From: Tom Gewecke (firstname.lastname@example.org)
Date: Mon Feb 17 2003 - 08:57:43 EST
>If this is true -- that U+FEFF is a kind of meta-character that doesn't
>really belong to the text per se -- then it should be equally true for
>UTF-8, whether its role is as a true Byte Order Mark (needed in UTF-16
>and UTF-32 but not UTF-8) or as a signature (potentially useful in all
>Unicode CES's). Only in its evil-twin role as a zero-width no-break
>space is it truly part of the text, in which case the previous
>discussion comments about white-space characters applies.
For what it is worth, the XML doc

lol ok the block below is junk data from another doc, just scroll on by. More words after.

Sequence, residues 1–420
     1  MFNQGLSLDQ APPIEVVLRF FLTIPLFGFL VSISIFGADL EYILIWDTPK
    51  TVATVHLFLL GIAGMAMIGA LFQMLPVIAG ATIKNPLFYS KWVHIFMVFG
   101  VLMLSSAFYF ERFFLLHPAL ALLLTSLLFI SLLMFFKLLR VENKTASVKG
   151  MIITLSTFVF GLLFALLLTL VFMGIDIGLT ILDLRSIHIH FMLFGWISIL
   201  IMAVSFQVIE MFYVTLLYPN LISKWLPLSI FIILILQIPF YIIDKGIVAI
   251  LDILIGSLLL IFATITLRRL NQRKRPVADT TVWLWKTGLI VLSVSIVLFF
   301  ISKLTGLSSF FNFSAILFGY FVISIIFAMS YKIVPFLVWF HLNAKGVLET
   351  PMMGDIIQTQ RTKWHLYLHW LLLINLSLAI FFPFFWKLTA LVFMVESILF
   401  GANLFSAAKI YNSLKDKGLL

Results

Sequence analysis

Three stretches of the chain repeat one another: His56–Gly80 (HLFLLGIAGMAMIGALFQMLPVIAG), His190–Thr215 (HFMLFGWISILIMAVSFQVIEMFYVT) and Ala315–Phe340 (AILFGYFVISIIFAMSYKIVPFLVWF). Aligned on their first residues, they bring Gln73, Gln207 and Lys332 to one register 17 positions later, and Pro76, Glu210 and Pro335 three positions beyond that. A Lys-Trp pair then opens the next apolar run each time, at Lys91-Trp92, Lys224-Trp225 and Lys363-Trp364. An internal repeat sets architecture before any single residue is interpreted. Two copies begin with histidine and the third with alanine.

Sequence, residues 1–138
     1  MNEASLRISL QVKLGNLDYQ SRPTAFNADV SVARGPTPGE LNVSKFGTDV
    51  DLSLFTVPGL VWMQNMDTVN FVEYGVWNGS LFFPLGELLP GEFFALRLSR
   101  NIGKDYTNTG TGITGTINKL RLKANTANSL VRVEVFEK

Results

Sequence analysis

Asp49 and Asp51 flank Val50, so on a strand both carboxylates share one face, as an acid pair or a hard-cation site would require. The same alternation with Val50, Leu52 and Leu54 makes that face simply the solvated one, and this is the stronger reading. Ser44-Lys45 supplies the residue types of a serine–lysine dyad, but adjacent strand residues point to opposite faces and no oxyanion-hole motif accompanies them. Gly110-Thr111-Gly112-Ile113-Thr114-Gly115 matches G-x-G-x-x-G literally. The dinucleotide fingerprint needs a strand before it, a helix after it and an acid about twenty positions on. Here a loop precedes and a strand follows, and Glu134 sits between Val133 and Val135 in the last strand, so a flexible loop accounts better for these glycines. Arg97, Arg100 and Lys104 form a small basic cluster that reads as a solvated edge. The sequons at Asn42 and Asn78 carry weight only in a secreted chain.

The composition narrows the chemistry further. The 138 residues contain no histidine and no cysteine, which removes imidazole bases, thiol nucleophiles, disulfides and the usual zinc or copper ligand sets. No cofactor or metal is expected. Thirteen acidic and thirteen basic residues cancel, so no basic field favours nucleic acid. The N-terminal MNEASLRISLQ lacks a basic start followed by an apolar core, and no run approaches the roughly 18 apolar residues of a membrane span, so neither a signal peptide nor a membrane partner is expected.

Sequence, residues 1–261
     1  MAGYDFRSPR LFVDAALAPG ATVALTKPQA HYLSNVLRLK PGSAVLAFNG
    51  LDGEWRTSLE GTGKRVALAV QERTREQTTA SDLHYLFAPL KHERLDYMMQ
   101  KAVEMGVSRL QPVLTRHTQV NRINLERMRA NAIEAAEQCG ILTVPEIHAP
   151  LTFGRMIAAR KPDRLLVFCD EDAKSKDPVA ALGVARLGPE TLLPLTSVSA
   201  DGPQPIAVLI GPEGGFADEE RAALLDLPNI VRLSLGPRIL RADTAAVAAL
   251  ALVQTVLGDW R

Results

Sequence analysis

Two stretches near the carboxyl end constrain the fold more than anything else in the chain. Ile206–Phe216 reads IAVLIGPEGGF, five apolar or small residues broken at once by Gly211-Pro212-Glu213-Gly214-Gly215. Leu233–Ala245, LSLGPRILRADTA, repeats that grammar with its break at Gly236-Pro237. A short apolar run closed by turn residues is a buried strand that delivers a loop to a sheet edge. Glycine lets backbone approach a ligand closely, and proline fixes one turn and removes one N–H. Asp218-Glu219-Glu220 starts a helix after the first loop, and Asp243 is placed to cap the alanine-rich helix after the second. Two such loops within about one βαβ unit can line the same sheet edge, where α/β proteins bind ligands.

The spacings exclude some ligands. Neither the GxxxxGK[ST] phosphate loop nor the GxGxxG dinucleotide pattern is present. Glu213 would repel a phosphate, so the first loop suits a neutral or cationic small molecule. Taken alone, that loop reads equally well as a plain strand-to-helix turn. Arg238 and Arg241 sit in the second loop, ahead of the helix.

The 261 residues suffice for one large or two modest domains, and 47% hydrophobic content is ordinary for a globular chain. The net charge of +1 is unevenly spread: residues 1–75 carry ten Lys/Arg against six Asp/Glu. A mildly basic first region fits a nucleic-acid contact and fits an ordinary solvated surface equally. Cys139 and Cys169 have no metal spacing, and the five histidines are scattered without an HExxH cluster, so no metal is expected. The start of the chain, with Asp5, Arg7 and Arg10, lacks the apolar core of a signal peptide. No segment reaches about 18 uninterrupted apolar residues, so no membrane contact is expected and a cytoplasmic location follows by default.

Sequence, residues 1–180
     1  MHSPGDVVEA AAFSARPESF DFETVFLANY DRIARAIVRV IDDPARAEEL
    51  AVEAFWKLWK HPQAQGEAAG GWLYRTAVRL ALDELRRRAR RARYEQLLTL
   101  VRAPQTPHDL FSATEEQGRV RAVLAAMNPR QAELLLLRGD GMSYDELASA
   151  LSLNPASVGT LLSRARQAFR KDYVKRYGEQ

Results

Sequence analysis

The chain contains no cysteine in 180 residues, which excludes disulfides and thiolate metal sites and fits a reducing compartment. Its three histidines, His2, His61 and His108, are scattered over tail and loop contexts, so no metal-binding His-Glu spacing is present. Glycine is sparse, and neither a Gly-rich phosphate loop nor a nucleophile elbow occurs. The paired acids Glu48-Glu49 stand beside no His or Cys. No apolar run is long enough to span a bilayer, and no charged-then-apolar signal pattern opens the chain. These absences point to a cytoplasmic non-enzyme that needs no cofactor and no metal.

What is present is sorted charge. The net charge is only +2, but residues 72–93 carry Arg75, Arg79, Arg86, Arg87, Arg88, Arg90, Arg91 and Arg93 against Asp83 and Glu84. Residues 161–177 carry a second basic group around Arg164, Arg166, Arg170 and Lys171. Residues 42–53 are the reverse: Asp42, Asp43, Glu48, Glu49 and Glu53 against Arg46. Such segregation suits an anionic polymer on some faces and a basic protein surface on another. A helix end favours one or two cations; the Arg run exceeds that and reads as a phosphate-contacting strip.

(http://www.w3.org/TR/2000/REC-xml-20001006#sec-documents) says this about
>Entities encoded in UTF-16 must begin with the Byte Order Mark ... This is
>an >encoding signature, not part of either the markup or the character data
>of the XML document. XML processors must be able to use this character to
>>differentiate between UTF-8 and UTF-16 encoded documents.
The implication seems to be that in XML, at least, UTF-8 will not have a
BOM (or an encoding declaration). Other parts of the doc, especially
Appendix F, seem to recognize that anything can come either with or without
a BOM. Anything not either UTF-8 or UTF-16 must have an encoding
declaration as well.
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